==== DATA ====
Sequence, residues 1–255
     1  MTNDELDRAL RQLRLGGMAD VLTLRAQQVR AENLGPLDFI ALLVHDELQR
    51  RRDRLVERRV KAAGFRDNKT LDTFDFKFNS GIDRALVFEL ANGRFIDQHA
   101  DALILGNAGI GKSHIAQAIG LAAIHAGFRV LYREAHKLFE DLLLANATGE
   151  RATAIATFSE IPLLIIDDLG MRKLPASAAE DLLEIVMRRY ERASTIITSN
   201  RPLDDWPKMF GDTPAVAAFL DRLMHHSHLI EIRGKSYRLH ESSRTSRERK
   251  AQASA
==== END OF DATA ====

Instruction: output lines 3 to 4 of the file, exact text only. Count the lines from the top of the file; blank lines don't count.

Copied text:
    51  RRDRLVERRV KAAGFRDNKT LDTFDFKFNS GIDRALVFEL ANGRFIDQHA
   101  DALILGNAGI GKSHIAQAIG LAAIHAGFRV LYREAHKLFE DLLLANATGE